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US Coast Guard Bulletin: Cyber Adversaries Targeting Commercial Vessels

June 21st 2019
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Would you pay $1m for a laptop full of malware?

May 23rd 2019
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Singapore Opens Maritime Cybersecurity Operations Centre (MSOC)

May 22nd 2019

Invoice Fraud November 2017

December 18th 2017
At the end of NOVEMBER 2017 three attempts of invoice fraud came to surface involving 3 vessels sailing under Luxembourg flag. If successful these attempts would have cost its owner, an internationally operating shipowner, over 18000 EUR. Thanks to a combination of awareness, procedures and attentive employees none of these attempts succeeded.

The attempts are clearly not the doing of amateurs as the level of detail in all aspects of the fraud attempt is impressive. All invoices were sent by the same fraudsters to different e-mail addresses in the same company. The layout of the three invoices is very similar and the modus operandi was identical in all cases. Moreover there are reasons to believe that these fraud attempts are part of a campaign also aimed at several other maritime companies.

Modus operandi

• A fraudster contacts the company through e-mail, reminding them to pay an invoice;

• The company can’t find a purchase order nor a reference to the company and asks for a copy of

the invoice;

• The company receives the fake invoice which is very realistic both when it comes to

• Layout and

• Contents:

• Names and identifications of the vessels are correct;

• The invoices carry stamps and signatures of the captains which are in most cases (copies of?) the real ones. In one case a blue stamp was used which in reality is black;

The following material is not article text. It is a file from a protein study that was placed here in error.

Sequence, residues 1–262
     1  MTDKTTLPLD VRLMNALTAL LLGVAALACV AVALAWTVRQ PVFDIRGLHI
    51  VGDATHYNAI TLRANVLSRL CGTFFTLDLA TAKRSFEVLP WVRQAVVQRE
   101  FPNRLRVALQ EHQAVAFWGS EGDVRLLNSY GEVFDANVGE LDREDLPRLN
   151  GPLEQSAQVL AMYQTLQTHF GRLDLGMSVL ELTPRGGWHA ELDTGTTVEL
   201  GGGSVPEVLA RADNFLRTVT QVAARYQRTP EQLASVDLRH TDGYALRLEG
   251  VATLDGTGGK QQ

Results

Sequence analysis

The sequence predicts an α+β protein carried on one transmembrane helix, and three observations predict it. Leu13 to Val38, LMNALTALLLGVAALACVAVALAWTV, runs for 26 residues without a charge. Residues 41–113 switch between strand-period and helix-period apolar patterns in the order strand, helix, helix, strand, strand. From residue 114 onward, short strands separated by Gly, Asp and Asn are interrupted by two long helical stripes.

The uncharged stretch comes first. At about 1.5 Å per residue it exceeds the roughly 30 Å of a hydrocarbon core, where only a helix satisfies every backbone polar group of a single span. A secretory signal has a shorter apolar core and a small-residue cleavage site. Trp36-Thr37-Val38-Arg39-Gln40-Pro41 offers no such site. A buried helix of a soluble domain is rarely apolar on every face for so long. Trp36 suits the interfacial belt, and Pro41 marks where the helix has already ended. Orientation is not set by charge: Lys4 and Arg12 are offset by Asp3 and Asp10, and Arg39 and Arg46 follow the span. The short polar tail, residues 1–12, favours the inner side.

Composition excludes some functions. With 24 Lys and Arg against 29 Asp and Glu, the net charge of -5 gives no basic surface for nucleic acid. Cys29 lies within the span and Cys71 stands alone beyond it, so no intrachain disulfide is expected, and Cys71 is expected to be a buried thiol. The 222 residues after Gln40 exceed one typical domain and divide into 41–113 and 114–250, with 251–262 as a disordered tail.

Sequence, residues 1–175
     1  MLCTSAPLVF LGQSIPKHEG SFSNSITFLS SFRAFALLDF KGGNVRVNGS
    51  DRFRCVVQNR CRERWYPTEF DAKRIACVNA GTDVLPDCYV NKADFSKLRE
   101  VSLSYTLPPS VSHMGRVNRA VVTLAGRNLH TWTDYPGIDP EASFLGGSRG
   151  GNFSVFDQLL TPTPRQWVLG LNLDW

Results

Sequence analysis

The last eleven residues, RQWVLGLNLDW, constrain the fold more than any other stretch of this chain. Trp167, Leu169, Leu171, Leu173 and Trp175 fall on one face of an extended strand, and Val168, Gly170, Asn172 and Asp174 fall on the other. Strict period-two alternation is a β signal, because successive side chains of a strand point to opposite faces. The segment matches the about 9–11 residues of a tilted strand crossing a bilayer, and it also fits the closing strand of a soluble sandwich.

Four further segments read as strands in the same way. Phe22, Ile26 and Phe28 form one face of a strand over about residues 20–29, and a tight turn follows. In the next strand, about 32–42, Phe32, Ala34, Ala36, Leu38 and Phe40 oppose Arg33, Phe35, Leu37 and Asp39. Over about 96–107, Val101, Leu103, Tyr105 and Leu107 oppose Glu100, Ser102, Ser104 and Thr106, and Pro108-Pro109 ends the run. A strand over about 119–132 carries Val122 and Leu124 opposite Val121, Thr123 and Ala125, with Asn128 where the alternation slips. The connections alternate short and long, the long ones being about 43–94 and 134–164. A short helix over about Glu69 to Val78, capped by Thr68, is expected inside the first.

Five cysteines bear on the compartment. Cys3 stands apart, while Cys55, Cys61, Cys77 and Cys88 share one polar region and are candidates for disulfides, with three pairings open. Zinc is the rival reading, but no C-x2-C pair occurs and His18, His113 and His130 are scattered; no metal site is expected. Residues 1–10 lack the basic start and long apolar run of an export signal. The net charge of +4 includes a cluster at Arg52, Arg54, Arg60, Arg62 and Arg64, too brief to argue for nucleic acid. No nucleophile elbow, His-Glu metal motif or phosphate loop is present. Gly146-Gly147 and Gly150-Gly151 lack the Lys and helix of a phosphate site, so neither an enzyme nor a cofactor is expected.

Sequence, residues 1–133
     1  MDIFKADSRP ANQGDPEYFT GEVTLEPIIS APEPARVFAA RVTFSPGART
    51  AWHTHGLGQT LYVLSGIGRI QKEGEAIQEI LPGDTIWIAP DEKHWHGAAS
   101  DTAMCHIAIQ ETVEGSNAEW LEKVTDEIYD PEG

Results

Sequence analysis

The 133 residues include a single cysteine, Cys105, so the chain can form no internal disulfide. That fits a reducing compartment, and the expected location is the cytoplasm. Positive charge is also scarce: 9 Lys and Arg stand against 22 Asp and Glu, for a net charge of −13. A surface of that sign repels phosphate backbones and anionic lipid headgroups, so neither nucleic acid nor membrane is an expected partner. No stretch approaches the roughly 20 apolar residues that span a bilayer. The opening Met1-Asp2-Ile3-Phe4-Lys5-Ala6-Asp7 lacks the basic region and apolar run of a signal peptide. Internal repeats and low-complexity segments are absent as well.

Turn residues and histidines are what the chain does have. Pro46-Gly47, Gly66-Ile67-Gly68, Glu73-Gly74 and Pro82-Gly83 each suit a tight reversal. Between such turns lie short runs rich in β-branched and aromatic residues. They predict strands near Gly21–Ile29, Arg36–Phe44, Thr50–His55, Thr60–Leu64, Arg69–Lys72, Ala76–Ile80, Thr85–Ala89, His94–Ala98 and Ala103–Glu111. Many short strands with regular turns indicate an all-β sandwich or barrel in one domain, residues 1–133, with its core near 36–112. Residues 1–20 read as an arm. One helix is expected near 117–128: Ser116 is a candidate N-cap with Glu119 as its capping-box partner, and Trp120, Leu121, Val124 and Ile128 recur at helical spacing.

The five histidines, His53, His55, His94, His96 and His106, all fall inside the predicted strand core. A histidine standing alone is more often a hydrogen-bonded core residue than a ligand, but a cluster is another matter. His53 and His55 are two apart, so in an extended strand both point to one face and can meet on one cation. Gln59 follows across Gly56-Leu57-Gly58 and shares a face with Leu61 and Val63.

• Services very similar to the ones mentioned on the invoice were actually procured, albeit from other companies and in slightly different quantities. In one case even the quantities were correct;

• Timings (port arrival, ETA) are more or less correct;

• Prices are realistic.

The company’s bookkeepers discovered the fraud attempts every time by lacking purchase orders, the fact that the supplier/ account number/ VAT number isn’t known, the originating companies mentioned on the invoice can’t be found on the internet, etc.

On the invoices no account numbers are specified. Although in all cases the receiving company prompted the fraudsters for an account number it strangely enough seemed as if the fraudsters were reluctant to give an account number – only in one case an account number was communicated.

Actions taken

• Staff on vessels and in accounting depts. were informed of the attempts;

• Fraudsters’ e-mail addresses were blocked, making it impossible to target the company again from these specificy e-mail addresses or domain names;

• The company’s e-mail servers were scanned for other occurrences. Negative;

• Another shipowner was contacted. Although the information was new to them they, too, found two similar yet less sophisticated attempts. This may suggest that other maritime companies as well may be targeted and we hence may call this a campaign;

• The fraudsters’ e-mail domain names were checked. They were created anonymously as early as FEBRUARY 2017. This suggests that the scam has been going on for a longer time and furthers the idea of a campaign;

• Several national CERTs were informed.


• The language used by the fraudsters is pretty ok as long as templates seem to be used but goes downhill in one-on-one e-mail messages;

• The fraudsters make use of a wide range of logos/ templates/ addresses/ stamps/ layouts/content/ etc. which they combine digitally;

• It seems as if either the fake invoices were really signed by the captains (in between a whole range of other documents) AND/OR that the signatures and stamps were copied from other legitimate documents.

• In either scenario a person with access to this information is required. This person should also be able to provide the other members in the gang with realistic information for building the invoices’ content.